5. Both the department and the assessee sought references to this court and the following two questions have been referred, the first one at the instance of the assessee and the second at the instance of the department.

'1. Whether, on the facts and in the circumstances of the case, the Tribunal is right in law in holding that the provisions of Section 64(ii) of the Income-tax Act, 1961, are applicable to the assessee irrespective of the point that the partnership was formed before the commencement of the Act?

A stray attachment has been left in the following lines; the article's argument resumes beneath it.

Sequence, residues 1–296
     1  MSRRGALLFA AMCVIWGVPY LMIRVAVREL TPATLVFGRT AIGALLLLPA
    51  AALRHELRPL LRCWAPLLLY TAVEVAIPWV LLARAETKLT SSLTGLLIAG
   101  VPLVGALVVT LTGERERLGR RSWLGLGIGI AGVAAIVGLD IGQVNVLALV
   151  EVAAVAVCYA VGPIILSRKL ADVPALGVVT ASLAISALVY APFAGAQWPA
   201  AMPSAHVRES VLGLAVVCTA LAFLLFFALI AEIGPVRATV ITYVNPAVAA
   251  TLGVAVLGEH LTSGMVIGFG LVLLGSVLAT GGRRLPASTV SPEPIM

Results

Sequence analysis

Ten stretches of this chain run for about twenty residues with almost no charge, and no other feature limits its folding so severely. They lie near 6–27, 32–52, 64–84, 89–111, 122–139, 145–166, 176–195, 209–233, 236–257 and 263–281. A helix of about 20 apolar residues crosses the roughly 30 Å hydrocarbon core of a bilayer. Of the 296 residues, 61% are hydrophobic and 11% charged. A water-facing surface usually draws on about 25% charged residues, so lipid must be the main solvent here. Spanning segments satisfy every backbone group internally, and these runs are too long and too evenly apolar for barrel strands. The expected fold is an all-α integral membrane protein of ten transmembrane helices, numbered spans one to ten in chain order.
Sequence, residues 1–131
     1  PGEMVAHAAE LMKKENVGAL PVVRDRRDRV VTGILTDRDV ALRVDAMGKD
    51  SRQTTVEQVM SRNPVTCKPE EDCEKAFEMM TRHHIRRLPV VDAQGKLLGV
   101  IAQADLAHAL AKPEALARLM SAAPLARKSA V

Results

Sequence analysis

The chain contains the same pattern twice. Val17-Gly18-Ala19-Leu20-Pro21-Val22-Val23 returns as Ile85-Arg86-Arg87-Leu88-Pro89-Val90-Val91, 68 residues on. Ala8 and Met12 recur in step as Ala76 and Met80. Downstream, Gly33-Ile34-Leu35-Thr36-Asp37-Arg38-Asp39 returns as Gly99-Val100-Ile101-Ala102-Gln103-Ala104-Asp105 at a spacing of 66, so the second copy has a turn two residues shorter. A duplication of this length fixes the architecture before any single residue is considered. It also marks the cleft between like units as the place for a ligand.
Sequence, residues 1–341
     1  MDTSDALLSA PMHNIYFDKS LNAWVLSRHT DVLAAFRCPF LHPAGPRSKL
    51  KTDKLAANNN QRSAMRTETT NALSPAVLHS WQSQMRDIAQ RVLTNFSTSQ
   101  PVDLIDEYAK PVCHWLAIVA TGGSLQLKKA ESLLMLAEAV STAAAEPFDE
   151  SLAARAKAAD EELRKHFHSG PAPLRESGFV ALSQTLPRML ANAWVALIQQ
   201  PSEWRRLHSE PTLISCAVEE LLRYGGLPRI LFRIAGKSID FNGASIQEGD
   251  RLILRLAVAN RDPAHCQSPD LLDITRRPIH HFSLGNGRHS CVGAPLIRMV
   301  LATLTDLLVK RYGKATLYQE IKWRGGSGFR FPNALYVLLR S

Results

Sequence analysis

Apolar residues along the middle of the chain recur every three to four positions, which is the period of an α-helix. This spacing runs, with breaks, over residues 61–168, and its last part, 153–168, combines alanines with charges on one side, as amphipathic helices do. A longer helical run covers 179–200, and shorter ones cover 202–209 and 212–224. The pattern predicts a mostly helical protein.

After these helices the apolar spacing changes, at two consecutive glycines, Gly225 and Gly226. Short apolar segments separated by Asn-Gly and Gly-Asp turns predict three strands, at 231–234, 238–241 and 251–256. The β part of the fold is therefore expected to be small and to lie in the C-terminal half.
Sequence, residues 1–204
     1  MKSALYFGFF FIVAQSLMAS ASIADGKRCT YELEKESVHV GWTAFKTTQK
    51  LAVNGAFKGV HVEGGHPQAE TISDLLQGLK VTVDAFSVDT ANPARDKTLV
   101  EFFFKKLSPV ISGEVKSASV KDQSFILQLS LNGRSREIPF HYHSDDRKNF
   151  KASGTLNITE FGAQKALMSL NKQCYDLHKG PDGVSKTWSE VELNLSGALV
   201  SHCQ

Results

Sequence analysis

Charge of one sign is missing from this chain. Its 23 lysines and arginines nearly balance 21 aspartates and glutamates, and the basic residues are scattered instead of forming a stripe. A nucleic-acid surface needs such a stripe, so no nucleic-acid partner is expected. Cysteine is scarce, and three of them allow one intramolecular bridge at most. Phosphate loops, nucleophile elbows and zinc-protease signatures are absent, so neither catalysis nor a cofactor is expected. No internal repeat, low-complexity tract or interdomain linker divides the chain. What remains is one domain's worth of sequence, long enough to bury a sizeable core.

2. Whether, on the facts and in the circumstances of the case, the Tribunal is right in law in holding that the sums of Rs. 4,205 and Rs. 3,744 being interest received by the minors, Sunil Kumar and Ashok Kumar, respectively, from the firm of M/s. Premier Credit Corporation, are not inciudible in the total income of the assessee under Section 64(ii) of the Income-tax Act, 1961?'